Thursday, April 21, 2011

Graduate from Law School and You Too Can Sign Up for Food Stamps!

According to a recent post by "SoDespondent" on the JD Underground forum, a Top 20 law school's career services office helped a 3L sign up for food stamps!  Considering how extremely over-glutted the legal profession is and how having a JD often makes you overqualified and unemployable for non-legal jobs, a great many law school graduates are going to need food stamps.

If you are a college graduate and you qualify for food stamps, I think you should take the food stamps without guilt.  Our government's policies and our society's support for those policies have resulted in huge oversupplies of college and law school graduates.  So, smugly employed taxpayers and our government should help pay the price for the unemployment and underemployment crisis confronting many college graduates.

Here are some excerpts from "So Despondent's" initial post titled, Confirmed By Prof: Career Services Helping Students Sign Up for Food Stamps:

By telling them that yes, in fact, career services IS HELPING CERTAIN 3Ls LEARN HOW TO APPLY FOR FOOD STAMPS (EBT). They tried to provide some context and explain that the student who approached his counselor about how he would live has $140,000 in debt and will be working for "almost no money" at a nonprofit. They are trying to paint this as an atypical case and billing it as "noble self-sacrificing law student goes into poverty in order to do good works at nonprofit." Students aren't buying it, neither was the prof.

But apparently the word is out, now. I wonder how many more 3Ls, now that it's been confirmed, will slink into career services in the next couple of weeks to see if they too are eligible? Just another day at a TTTop 20 law school!
 From a follow-up post in the same thread, also by "SoDespondent":
Well, I don't know how well it stuck, but from talking to other students tonight, apparently this is in response to students asking them to start providing information on medicaid and food aid.
The big question on my mind, is, which law school is it and how many other law schools are doing the same?  Maybe the law schools can start advertising about how their career services offices will help graduates apply for food stamps, welfare, public housing assistance, and Medicaid.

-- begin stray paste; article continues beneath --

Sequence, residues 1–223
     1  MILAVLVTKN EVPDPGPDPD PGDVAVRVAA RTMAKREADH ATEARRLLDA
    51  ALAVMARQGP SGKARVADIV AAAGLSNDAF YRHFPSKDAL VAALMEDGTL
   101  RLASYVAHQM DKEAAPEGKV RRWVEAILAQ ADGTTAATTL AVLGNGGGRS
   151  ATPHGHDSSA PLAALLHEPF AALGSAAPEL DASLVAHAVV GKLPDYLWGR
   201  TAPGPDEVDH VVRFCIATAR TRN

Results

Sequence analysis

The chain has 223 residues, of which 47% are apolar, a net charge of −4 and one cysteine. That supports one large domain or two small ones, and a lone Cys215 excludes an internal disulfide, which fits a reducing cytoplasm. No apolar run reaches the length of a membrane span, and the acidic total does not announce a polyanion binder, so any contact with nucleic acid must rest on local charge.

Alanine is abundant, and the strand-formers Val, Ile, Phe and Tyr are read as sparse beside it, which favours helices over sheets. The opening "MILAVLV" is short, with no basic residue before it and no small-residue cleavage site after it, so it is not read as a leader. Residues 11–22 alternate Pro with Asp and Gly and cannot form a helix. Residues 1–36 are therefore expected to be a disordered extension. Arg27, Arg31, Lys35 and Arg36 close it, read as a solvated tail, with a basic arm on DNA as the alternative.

Dear ABA, it's all your fault!

Wednesday, April 20, 2011

Even Medical Tech Types Can't Find Entry-Level Jobs (the Higher Education Scam Continues)

I'm sitting in a hospital waiting room with my laptop where I have just stumbled across an industry journal for surgical technologists.  I don't know much about this field, so I quickly browsed through it and came across a short op-ed written by a newly-minted surgical tech lamenting the difficulty she is having finding an entry-level job.  This is interesting because according to current conventional wisdom, jobs in health care are supposed to be abundant.  (I'm under the impression that surgical techs assist surgeons in the operating room.)

The short article is titled, "In Search of that Perfect (Any) Job" by Sharon Goff, CST, published in the April 2011 edition of The Surgical Technologist.  She wrote that she is a mother in her forties who graduated with honors with an associates degree.  Here are three quotes:

Despite it all, I had no job.  As a matter of fact, only two girls out of my graduating class have gotten a job.
I have visited many online surgical technology forums and seen the disappointment and anger from techs all over the country experiencing the same thing.
I quit visiting the forums after that because they are too depressing.  Shattered dreams, mounting debt, many feeling lied to or manipulated by the schools they attended.
Presumably, thousands of unemployed and underemployed people have invested time and money retraining and re-educating for medical support fields.  It all sounds like another instance of for-profit (and even public) colleges raking in the dough by making false promises.

In the meantime, as Americans' aggregate student loan debt reaches record levels (daily?), the media and our government will continue to promote the higher education scam.  For example:  Ohio Universities Told to Develop 3-Year Degrees so that higher education is more accessible to people, allowing them to become "productive members of society" with solid middle class jobs.  Of course, our politicians and media commentators completely fail to realize that increasing the number of college graduates will not magically increase the number of middle class jobs, just the number of rightfully angry unemployed and underemployed people with student loan debt.

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